Governments can believe in God or not?  Nonsense.  Perhaps Michael refers instead to governments that proclaim the promotion of atheism as a state policy.  What he neglects to mention is that these governments proclaim other policies as well.  Policies like…nationalization, class warfare, suppression of “enemies of the state,” forced collectivization.  Could they, possibly, have anything to do with social violence and atrocity?  It’s doubtful Michael is even aware of such things. The historical myopia of the anti-atheists is breathtaking to behold at times. 

What the anti-atheists fail to show is how atheism is the intellectual and philosophical seed of the ideologies and policies that end in atrocity.  In contrast, I have shown how the Bible was a direct influence on the criticism of private property that formed the basis of most forms of communism, Marx’s and Engels’ included.  It is thus little surprise that the earliest communists were religious believers.  The famous Communist League, for example, was initially the League of the Just, a Christian communist organization.  The anti-atheist’s argument rests purely on the debunked notion that without a belief in God (by which they mean their god), moral depravity is the inevitable result.  What’s more, the argument isn’t even Biblical, since the Apostle Paul claims the moral law is written on every man’s heart (Romans 2:14-15), regardless of belief.

Michael thinks he’s got the killer argument when he writes,

And I note for at least the 3rd time that you STILL haven’t told me why Joseph Stalin – murderer of so many millions of people – was a ‘bad atheist’ for his acts.

Simple, Michael.  When you can tell me why you’re a bad (or good) a-unicornist, I’ll tell you why Stalin was a bad (or good) atheist.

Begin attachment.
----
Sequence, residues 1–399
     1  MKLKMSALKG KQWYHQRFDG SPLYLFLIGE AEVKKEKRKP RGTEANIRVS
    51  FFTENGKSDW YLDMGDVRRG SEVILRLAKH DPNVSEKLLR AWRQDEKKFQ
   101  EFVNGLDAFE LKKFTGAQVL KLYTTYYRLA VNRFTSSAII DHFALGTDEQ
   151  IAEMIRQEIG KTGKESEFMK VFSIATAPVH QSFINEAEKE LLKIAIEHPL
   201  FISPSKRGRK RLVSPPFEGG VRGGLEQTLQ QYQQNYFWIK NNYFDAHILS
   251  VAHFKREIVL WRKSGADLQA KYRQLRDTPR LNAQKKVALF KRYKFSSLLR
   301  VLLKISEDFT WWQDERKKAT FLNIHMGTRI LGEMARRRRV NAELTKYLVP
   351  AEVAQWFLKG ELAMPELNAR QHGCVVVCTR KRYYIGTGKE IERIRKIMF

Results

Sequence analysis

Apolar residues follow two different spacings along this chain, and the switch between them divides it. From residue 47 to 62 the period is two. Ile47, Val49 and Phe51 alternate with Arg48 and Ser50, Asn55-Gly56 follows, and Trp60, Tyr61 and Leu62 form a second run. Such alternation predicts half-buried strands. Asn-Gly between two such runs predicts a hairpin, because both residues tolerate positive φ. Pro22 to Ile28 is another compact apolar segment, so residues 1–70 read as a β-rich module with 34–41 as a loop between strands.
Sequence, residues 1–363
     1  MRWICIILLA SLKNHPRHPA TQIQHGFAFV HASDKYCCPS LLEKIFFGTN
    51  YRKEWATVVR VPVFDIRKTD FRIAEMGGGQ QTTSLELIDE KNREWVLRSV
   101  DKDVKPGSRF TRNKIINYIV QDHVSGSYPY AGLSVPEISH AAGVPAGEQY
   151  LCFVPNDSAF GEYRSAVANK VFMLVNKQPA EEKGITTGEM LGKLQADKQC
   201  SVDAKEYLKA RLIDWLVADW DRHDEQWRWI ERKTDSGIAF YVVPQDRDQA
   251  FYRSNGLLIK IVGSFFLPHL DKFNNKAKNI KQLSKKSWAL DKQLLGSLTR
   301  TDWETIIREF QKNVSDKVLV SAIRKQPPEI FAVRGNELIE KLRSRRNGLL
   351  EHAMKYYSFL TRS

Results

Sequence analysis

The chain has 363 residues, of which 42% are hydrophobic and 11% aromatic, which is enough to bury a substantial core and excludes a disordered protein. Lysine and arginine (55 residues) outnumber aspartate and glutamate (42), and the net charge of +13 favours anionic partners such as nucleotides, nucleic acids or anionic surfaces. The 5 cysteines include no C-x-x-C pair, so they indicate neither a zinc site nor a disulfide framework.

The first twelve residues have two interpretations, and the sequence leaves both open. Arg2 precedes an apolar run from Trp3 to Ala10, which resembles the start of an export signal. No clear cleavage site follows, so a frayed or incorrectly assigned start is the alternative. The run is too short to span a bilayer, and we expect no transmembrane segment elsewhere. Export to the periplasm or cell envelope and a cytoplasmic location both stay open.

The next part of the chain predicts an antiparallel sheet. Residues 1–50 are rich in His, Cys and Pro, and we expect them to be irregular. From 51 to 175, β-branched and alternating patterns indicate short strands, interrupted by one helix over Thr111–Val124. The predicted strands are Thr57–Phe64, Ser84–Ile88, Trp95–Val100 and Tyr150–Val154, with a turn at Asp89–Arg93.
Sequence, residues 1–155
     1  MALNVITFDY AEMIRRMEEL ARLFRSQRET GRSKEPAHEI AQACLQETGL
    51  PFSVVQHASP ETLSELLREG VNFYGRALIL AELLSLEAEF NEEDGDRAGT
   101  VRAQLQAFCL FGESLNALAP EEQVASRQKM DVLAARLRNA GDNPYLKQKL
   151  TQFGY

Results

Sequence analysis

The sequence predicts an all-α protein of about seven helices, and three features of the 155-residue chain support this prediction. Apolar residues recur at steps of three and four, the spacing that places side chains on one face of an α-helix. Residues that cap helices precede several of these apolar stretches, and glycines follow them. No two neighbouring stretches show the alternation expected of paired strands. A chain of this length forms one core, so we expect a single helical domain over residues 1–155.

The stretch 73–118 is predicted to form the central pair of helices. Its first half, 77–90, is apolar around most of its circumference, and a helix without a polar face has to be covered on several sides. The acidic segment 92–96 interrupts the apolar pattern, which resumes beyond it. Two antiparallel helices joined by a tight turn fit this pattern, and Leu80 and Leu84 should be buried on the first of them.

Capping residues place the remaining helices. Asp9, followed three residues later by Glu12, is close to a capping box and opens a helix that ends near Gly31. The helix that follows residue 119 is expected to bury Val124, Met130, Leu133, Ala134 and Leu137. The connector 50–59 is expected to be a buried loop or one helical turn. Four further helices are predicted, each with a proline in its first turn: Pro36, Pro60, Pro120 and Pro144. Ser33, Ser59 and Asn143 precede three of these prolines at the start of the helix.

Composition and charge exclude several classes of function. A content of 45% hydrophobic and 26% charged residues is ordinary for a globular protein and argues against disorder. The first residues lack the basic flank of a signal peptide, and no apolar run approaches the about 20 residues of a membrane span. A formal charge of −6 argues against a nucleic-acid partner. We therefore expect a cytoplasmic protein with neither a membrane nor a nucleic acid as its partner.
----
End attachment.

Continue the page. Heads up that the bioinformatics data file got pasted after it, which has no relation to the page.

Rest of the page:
Palin needs a course in American history

The website Fundies Say the Darndest Things! (linked to the left) is a treasure trove of absolute batshit crazy statements from the religious faithful.  While being stupendously funny, they’re also a mite sobering when you realize that they’re made in full seriousness.

While perusing through this month’s entries, I read the following gem:

11. Are you offended by the phrase “Under God” in the Pledge of Allegiance? Why or why not?

Sarah Palin: Not on your life. If it was good enough for the founding fathers, its good enough for me and I’ll fight in defense of our Pledge of Allegiance.

Sarah Palin, in case you’ve been buried in a cave for the past week, is John McCain’s recent choice for running mate, and potential Vice President (not to mention President…).  The “oopsie!” is of course not the obvious grammar mistakes, but the fact that the phrase “under God” in the Pledge of Allegiance was not added until 1954.  And it was not written by the Founding Fathers, but by a Christian socialist minister in 1892.  Curiously, the source page for the above quote was deleted, but nothing ever truly disappears off the internet.  A simple search of the page on Google retrieved it from cache.

Frankly, it doesn’t much surprise me that the evangelical Christan Palin holds this mistaken view of American history.  Ask any such Christian, and they’ll offer up a wholly revisionist history of the country’s founding, claiming, among other things, that it was established as a Christian nation (it wasn’t) and that the Ten Commandments inspired American law (sorry, no good there, either).

Palin holds a worldview that doesn’t seem all that dissimilar from the current president’s.  Is that a good thing?  I guess it depends on your view of how the past 8 years have gone.